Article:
It is unclear why the highest mark of the range was fixed at 25 years so as to “suggest” that no sentence should be above that extreme. It seems to me that this was not fixed because of what the Constitution says about life sentence in this jurisdiction. If this was so influenced, it could be a mistake to fix the maximum at 25 years because the Constitution does not in reality fix 25 years as the equivalent of a life term or sentence but in fact it says that a life term shall not be less than 25 years as a minimum with the maximum being left open ended. In fact the constitution puts the position as follows in Section 15 (3) of the Constitution.
“A sentence of life imprisonment shall not be less than twenty five years”.
 While not necessarily saying that the sentence in question was not appropriate, I must make myself clear that I do not agree that same should not go beyond 25 years in appropriate circumstances. I agree however that such should naturally be so in exceptional cases; which is to say our courts can impose a sentence beyond 25 years in warranting circumstances. I am afraid that putting a ceiling of 25 years on sentences would have the potential of rendering the courts to not be responsive in certain circumstances, requiring of it to respond appropriately by imposing sentences that go beyond the suggested limit, with the result that the courts end up losing respect from the public they serve.
 The Appellant committed and was convicted of very serious offences. The murders of the deceased were premeditated when one considers the evidence, because the Appellant is shown as having said, with the owner of the homestead within hearing distance, that she was going to burn down his homestead earlier on that day. She also declared in the presence of the people working at her home or tent after her property was vandalized, that she was going to burn the people responsible for that with petrol. She indeed went on to purchase the petrol and went out of her way to burn the people she knew very well as neighbours were inside the house through the use of petrol. As it turned out two people – the children – died while the other two adults were lucky to have survived with burns.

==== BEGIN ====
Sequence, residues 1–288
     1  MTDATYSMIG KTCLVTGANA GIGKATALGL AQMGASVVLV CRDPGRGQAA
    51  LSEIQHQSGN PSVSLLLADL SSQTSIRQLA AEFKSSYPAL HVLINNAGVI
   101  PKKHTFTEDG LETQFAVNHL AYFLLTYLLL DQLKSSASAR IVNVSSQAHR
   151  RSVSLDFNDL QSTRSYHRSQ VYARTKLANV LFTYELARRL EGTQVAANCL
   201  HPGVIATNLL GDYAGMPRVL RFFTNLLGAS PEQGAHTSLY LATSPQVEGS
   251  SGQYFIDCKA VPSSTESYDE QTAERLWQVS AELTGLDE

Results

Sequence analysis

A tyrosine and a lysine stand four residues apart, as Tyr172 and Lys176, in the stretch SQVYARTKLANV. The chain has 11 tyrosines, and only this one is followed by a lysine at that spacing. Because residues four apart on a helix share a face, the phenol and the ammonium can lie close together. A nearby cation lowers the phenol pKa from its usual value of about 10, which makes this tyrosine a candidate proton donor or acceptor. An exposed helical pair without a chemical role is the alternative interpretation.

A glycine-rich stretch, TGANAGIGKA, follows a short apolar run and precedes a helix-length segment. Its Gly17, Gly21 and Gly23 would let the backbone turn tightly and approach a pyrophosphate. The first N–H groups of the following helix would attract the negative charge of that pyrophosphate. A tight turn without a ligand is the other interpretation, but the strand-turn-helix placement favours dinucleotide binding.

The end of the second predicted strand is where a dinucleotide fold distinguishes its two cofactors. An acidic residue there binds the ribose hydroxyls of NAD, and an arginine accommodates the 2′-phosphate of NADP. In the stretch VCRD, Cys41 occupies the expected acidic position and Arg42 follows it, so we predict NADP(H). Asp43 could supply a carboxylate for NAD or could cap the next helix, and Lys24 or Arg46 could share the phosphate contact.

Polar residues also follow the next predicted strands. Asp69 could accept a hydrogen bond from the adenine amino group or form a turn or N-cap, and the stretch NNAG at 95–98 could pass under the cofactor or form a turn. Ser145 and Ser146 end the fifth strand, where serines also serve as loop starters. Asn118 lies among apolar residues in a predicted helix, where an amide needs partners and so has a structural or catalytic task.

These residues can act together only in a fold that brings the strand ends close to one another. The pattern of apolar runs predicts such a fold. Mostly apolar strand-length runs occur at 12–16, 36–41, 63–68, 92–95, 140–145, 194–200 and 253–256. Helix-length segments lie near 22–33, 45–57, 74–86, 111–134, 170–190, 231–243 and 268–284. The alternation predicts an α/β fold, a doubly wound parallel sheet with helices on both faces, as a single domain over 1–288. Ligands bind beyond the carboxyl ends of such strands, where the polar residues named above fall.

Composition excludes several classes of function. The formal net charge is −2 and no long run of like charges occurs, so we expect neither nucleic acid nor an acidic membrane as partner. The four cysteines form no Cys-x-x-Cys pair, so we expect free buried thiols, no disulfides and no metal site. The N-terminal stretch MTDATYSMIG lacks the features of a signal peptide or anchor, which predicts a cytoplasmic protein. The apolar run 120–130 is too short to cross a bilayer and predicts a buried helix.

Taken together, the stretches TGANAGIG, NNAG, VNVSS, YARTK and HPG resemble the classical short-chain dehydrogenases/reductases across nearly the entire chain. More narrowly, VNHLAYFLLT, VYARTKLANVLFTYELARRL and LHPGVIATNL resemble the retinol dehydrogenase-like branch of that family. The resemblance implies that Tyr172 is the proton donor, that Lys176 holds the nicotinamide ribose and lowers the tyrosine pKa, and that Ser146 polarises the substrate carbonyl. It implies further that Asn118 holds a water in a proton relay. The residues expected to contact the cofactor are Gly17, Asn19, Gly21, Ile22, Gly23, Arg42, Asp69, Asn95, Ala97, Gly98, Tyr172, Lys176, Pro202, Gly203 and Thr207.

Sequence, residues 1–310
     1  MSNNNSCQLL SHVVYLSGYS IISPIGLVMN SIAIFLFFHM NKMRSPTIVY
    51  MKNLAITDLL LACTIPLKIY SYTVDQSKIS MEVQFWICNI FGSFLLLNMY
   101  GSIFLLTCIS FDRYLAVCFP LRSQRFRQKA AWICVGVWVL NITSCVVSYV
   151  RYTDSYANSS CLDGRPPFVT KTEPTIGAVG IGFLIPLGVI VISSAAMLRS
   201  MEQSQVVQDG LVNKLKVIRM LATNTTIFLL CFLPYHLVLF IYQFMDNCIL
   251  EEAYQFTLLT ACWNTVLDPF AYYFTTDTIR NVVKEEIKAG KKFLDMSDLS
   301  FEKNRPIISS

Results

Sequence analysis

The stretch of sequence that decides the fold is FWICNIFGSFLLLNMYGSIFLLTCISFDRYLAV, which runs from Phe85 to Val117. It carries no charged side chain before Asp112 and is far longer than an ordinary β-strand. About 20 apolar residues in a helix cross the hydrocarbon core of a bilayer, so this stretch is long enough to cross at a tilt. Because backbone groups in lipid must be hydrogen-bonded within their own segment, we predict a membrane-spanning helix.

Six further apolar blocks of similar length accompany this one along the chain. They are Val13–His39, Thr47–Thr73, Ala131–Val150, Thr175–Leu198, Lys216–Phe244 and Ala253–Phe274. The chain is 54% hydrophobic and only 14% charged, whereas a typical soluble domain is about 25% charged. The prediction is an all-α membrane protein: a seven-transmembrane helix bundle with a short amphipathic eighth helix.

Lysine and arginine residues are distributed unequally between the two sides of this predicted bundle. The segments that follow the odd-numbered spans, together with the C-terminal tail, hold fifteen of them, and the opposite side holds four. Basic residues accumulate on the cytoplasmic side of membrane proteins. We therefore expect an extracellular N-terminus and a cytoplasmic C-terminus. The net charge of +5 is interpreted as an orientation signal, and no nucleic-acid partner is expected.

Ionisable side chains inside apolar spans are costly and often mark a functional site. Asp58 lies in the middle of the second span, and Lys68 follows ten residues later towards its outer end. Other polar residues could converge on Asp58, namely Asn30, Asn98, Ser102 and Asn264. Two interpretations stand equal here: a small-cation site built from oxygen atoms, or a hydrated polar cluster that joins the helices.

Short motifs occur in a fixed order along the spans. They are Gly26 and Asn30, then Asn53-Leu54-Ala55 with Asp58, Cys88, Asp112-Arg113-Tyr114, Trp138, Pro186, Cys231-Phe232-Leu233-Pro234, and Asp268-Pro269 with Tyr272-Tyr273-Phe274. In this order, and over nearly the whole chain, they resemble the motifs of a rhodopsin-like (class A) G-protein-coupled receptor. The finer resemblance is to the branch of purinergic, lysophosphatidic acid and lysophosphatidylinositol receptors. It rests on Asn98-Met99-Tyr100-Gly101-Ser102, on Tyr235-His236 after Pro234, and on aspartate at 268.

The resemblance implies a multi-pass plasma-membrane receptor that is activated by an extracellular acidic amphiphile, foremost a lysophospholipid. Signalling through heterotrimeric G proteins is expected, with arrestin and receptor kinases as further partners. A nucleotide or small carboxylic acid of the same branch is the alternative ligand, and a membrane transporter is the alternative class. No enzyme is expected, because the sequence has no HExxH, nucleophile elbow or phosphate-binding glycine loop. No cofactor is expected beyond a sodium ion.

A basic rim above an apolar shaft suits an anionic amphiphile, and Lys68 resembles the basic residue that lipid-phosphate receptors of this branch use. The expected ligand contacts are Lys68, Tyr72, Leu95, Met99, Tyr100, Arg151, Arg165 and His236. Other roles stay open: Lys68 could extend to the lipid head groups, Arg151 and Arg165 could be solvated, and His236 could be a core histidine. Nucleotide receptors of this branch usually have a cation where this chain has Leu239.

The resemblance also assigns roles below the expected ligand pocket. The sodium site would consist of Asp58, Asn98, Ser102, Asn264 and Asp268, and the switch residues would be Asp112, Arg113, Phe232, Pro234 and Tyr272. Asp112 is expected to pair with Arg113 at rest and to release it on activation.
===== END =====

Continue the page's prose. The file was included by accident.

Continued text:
She did not even show remorse because after effecting the burning of the house with an alarm raised she had alleged that she was finishing “about them”. Although she may have believed that the owner of that homestead was responsible for her misery, it can however never be a justification for her to have done what she did. The court needs to send a clear message that such a barbaric act shall not be tolerated given that life is sacrosanct and no one is entitled to take it away whatever the provocation or circumstances.
 These are, in my view, the type of circumstances to justify that the sentence in this matter should exceed the 25 years put as the upper end of the range of sentences suggested or put in place by the Supreme Court in the matter referred to above.
 The question is; is there any striking disparity between the sentence given by the court a quo from that which this Court as the Appeal Court would have imposed? I am convinced there is such disparity between the sentences in question. The one this Court would impose necessitates that all of the sentences be served concurrently with the first one of the murder counts, such that the Appellant would have to serve an effective thirty years imprisonment as a sentence.
 For the foregoing reasons I have come to the conclusion that the sentence imposed by the court a quo be and is hereby set aside and is substituted with the following one:-
1. The accused be and is hereby sentenced as follows:-
- On Count 1, Murder, she is sentenced to 30 years
- On Count 2, Murder she is sentenced to 30 years
- On Count 3, Attempted Murder, she is sentenced to 10
- On Count 4, Attempted Murder, she is sentenced to 10
- On Count 5, Arson, she is sentenced to 10 years
2. Counts 2, 3, 4 and 5 are all to be served concurrently with the sentence imposed in count 1. The result is that the Appellant is to serve 30 years imprisonment in all.
3. This sentence is backdated to take effect from the 5th July 2008.
N. J. HLOPHE
ACTING JUSTICE OF APPEAL
I Agree _________________________
DR. B. J. ODOKI
JUSTICE OF APPEAL
I also Agree _________________________
J. P. ANNANDALE
ACTING JUSTICE OF APPEAL
For the Appellant: Miss N. Mabila
Mr. M. S. Dlamini
For the Crown: Mr. S. Dlamini